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Unlike most etymologies we’ve encountered at JapanThis!, there actually seems to be some sort of consensus about this river’s name. I’ve looked all over and I can’t find an alternate or older way of writing the name of the river. The name of the river seems to have been written 荒川 Arakawa since the Heian Period.

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Senju no Ohashi (the great bridge of Senju) in the Edo Period.  Remember this name, we're coming back to Senju in a bit.

Senju no Ohashi (the great bridge of Senju) in the Edo Period.
Remember this name, we’re coming back to Senju in a bit.

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Etymology of the River

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荒ぶる川
araburu kawa

unruly, wild, malevolent river

荒れる川
arareru kawa

stormy, short-tempered river

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This river was part of the Tone River watershed. As mentioned in my previous article, the Tone had a reputation for being uncontrollable and wild. Not only did the river periodically flood, these floods often changed the course of the river. As such, the Arakawa was a dangerous and scary river. There’s a pretty strong case to be made that the kanji are literal in this case.

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Changes made to the river courses in the Pre-Modern Eras.  Some of the reference points I've added in English refer back to the last 2 articles.

Changes made to the river courses in the Pre-Modern Eras.
Some of the reference points I’ve added in English refer back to the last 2 articles.

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Why do we say Arakawa River and Arakawa Ward and not Ara River and Ara Ward?

You just asked the $100k question, son! If you didn’t care about why Sumida Ward and Sumida River use different kanji, if you can’t read or speak Japanese, or you fucking hate grammar with every fiber of your body, you might want to skip to the next section. If you’re a Japanese grammar nerd, then stick around because you might dig this.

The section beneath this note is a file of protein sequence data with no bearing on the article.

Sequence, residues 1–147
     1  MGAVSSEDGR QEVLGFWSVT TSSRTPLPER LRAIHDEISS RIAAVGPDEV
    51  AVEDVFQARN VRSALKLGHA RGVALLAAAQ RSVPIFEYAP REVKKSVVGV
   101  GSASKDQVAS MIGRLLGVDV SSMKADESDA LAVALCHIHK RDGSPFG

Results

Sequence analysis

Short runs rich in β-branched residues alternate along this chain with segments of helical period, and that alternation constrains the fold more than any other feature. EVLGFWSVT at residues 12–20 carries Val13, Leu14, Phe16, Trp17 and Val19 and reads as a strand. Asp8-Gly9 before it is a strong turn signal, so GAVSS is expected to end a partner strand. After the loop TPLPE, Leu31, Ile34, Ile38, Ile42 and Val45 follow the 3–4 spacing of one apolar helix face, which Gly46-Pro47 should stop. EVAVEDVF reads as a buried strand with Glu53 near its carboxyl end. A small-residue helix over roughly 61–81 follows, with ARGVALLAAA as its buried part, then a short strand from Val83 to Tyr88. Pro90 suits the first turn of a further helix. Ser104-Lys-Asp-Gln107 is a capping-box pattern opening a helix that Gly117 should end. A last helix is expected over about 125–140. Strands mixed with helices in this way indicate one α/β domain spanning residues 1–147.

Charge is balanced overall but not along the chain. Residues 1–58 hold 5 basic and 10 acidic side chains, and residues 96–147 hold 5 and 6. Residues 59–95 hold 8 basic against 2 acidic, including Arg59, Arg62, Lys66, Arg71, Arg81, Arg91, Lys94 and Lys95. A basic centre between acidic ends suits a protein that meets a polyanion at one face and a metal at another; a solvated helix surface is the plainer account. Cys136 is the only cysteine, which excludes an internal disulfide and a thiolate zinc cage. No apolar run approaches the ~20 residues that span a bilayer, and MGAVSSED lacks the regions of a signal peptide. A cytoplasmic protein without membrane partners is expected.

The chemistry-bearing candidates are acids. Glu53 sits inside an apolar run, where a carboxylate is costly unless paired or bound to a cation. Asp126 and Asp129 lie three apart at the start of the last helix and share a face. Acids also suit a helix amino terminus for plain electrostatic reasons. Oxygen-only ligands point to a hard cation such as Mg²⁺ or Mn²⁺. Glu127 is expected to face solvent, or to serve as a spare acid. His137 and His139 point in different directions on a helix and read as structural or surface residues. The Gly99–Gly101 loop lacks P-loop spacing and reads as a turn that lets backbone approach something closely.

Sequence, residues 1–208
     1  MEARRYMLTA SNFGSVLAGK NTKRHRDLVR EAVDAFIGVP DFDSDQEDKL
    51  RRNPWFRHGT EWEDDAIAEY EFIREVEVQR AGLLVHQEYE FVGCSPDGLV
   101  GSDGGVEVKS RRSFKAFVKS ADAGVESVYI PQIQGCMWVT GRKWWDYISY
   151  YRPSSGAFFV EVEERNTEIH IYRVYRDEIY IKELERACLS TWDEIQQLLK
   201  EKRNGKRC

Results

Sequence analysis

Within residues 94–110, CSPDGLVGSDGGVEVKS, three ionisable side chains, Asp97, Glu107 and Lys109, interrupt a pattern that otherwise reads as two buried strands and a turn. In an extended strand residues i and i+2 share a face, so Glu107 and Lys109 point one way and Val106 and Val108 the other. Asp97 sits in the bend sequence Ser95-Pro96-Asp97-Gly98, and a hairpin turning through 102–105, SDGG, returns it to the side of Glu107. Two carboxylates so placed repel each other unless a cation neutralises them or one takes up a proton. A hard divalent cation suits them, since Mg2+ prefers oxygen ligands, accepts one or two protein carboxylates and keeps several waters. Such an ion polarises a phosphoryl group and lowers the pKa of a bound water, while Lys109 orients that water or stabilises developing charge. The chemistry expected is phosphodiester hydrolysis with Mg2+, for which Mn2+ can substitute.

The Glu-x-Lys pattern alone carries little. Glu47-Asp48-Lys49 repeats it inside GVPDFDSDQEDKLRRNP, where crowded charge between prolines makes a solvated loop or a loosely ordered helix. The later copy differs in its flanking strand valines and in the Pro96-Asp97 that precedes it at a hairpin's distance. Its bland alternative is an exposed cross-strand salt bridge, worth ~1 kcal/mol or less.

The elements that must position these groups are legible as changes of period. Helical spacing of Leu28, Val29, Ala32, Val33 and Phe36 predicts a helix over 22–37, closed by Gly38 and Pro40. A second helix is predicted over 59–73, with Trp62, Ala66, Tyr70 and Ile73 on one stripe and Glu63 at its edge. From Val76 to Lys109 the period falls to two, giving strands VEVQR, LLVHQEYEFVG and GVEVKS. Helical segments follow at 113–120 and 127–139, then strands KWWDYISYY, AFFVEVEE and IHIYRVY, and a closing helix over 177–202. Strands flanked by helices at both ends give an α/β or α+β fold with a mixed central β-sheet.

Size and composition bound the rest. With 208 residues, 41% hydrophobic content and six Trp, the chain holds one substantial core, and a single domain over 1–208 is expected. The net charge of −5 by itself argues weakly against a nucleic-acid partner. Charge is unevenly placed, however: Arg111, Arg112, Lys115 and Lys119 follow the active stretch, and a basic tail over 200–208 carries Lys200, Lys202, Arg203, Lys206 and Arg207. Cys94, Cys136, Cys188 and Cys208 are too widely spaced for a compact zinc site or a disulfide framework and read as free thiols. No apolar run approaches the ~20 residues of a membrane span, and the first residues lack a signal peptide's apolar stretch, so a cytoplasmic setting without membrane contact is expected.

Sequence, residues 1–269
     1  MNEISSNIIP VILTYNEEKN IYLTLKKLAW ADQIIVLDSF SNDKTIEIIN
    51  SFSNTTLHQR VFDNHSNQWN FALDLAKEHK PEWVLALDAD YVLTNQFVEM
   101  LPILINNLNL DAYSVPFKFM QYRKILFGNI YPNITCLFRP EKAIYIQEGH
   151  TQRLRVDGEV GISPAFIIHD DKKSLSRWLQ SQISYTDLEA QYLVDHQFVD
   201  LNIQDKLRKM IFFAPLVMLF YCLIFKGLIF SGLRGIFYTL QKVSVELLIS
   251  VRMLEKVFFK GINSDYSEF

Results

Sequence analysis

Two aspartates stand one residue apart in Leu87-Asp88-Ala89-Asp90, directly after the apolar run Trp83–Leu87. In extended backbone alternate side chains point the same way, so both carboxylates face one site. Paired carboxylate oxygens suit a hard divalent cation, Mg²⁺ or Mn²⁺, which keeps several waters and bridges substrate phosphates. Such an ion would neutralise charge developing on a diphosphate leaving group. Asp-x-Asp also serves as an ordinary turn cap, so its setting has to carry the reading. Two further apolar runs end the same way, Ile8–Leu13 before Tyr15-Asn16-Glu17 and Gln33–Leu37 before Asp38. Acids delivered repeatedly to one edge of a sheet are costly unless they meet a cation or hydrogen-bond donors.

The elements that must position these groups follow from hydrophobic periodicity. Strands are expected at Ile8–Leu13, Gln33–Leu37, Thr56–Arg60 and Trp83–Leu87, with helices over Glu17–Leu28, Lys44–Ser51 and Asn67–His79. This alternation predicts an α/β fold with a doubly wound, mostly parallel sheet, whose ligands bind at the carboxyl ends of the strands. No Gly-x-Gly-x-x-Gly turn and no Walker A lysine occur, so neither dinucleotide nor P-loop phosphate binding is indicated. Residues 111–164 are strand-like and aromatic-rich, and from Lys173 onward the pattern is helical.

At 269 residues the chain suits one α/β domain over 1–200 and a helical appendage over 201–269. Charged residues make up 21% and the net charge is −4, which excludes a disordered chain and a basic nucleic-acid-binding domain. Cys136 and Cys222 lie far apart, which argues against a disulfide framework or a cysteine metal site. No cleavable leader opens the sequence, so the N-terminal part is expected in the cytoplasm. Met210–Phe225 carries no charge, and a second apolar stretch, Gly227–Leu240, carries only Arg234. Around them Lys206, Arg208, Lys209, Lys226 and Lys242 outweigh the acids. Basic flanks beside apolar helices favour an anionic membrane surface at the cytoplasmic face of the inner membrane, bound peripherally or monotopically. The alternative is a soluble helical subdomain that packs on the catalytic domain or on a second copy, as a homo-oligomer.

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OK, so one of these is not like the other one. Sesame Street style, see if you can spot the difference.

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Japanese

Romanization English

隅田川

Sumidagawa the Sumida River

利根川

Tonegawa the Tone River

富士山

Fuji-san Mt. Fuji

江戸町

Edo Machi the city of Edo

荒川

Arakawa the Arakawa River

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Can you spot the difference?

.Except for Arakawa, all of those examples follow this pattern:

Japanese Romanization

河川名

river name + river suffix

山名

mountain name + mountain suffix

町名

city name + city suffix

荒川

prefix + suffix (ie; inseparable)

So the typical pattern is “name + river/mountain/lake suffix.” However, ara by itself is not a word. Ara by itself is not a name. In fact, in this case, it’s a prefix. Therefore ara can’t be spilt from kawa and kawa can’t be split from ara. (This leads some people to say that “Arakawa” was originally a nickname or just a normal word in itself meaning “a raging river” – indeed there are Arakawa rivers all over the country).

Furthermore, the convention for signposts and naming will split the words from river/lake/mountain. So Tonegawa can easily be split into Tone and kawa – which is then rendered into English as “the Tone River.” If we split ara from kawa we get a non-word (a freestanding prefix) plus the word for river[iii]. I can’t think of an equivalent name in English, but imagine trying to convince someone that Opportunity should be split into two separate words Op and Portunity. It’s just weird, man.

But keep in mind, as Japanese has no spacing between words and this is just a convention (not a law) for romanization of Japanese words, there are occasional exceptions[iv]. Also, the Japan River Society, while having no real ability to affect laws, has strong opinions on the matter (Japanese only).

Totally random fact, but I've been told that fishing in the clean sections of the Arakawa is spectacular.

Totally random fact, but I’ve been told that fishing in the clean sections of the Arakawa is spectacular.

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Etymology of the Ward

☆ Short Answer:
Name of the ward is derived from the 荒川 Arakawa Arakawa River. The ward was officially created in 1932 and named after the river.

☆ Long Answer:
You didn’t think it was going to be that easy, did you?
OK, this is pretty complicated, especially because I haven’t described the course of the river or its history yet. So you’re going to get some spoilers. But that’s fine because this is history and there aren’t really spoilers – just shit you don’t know yet.

The name of the ward comes from the Arakawa River flowing through the northeastern part of Arakawa Ward. But – surprise! – the river flowing through the northeastern part of the Arakawa Ward, is called the Sumida River.